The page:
How to Lose a Guy in 10 Days

How to Lose a Guy in 10 Days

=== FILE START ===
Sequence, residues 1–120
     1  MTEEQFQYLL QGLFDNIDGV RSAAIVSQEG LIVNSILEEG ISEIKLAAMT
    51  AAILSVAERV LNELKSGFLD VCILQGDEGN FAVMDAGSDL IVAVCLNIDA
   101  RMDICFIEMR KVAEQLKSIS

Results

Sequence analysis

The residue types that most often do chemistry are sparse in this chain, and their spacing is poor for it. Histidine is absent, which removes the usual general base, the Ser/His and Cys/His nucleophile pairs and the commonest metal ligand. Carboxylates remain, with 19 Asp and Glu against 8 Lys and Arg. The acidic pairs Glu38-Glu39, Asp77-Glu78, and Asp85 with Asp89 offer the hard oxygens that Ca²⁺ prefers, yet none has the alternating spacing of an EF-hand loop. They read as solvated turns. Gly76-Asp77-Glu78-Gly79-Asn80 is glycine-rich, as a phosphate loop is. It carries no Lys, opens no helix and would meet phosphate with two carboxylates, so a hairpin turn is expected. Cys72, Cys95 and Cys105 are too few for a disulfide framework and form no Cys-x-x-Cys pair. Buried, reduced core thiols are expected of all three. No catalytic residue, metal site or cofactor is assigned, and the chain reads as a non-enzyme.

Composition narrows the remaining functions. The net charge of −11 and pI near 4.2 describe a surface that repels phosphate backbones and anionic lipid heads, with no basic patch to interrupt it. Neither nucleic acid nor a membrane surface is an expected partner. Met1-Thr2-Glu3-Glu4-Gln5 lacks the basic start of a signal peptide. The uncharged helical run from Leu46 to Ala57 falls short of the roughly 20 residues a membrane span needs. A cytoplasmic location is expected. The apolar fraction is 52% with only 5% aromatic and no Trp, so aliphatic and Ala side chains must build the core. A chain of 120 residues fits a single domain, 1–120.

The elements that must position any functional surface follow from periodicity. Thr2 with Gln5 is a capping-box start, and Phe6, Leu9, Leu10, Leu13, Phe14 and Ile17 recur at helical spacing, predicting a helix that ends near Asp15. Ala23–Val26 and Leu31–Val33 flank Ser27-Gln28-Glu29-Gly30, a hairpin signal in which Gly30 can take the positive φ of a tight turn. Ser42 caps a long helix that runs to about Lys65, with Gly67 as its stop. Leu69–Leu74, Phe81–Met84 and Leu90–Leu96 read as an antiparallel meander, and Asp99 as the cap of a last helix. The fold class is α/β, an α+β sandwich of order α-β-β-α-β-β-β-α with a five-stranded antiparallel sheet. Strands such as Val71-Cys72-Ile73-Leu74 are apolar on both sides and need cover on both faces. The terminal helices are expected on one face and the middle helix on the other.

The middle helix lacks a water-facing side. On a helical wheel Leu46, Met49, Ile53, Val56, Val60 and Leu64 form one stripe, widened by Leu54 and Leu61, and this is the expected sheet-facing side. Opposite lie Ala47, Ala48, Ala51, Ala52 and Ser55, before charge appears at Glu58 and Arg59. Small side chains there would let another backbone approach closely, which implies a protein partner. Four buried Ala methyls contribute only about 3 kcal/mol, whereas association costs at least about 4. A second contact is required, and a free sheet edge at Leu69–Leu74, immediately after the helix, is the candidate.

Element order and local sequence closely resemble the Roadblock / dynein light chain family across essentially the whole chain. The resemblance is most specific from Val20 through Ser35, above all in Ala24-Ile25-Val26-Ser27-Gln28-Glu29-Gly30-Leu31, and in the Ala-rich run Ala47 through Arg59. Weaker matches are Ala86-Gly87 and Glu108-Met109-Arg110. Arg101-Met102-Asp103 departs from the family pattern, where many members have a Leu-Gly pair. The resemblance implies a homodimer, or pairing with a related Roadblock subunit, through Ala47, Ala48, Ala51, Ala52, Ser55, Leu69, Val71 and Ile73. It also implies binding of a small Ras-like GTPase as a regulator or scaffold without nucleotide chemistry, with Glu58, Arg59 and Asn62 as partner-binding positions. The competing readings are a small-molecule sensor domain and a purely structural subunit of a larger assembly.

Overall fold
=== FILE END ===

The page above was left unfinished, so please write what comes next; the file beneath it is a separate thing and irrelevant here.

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He’s an advertising exec who likes to take his clothes off in the office. She’s a journalist trying to keep her bearings living in a material world. When Andie Anderson (Kate Hudson) gets assigned a new how-to column by her boss at Composure (because women are apparently trying to keep “it”), she has to try and lose a man in 10 days using all the sad mistakes women have been making for the last 2000 years. Little does she know that Benjamin Barry (Matthew McConaughey) has a plan of his own: he needs to get her to fall in love with him in as many days in order to land a major diamond account. How to Lose a Guy in 10 Days begs one very obvious question from the start: why would a woman even need to research this kind of story when she already knows what it takes to lose a guy? Andie is a curious riddle, a Cosmo Girl who works for a sexist rag but longs to tackle serious issues like politics and religion. (The great Bebe Neuwrith is wasted in a role that could have really stuck it to the Anna Wintours of the world.) Andie calls herself a serious journalist but she can’t even fake a how-to column that writes itself. Note to aspiring journalists: if you’re working for The New Yorker, the legality of Laura Elena Harring’s breasts is not an appropriate pitch for your “Annals of Law” column. The filmmakers approach the magazine world as if the women who work for rags like Vogue and Harper’s are all ditzes. When working for Cosmopolitan, a friend and ex-colleague told me that the only way she kept her sanity was to write her stories as if they were Onion pieces: “How to Go Down on a Guy Without Smearing Your Make Up” or “How to Lose Weight for Your Lover but Make Him Think You’re Doing it for Yourself.” No one batted an eye because the line between reality and satire in the magazine world had apparently become a difficult one to distinguish. Forget the faux-feminist thinking these magazines deliberately hawk to their readers, sadder yet is the fact that women so easily buy into it. How to Lose a Guy in 10 Days is a relative failure but takes off slightly when it leaves the world of publishing behind and follows Hudson as she charmingly tries to ditch McConaughey. Sadly, though, the filmmakers are only concerned in hawking the same romantic misunderstandings seen on screen a million times before. There’s only so many times a person can see the same film (or read the same tired column) over and over yet filmmakers continue to wag the same rotten carrot before consumers because they’ve realized that audiences would rather have studios (not unlike magazines) doing their thinking for them. The only difference between How to Lose a Guy in 10 Days and Maid in Manhattan, are the font sizes and color schemes. Embrace self-help, reject this movie.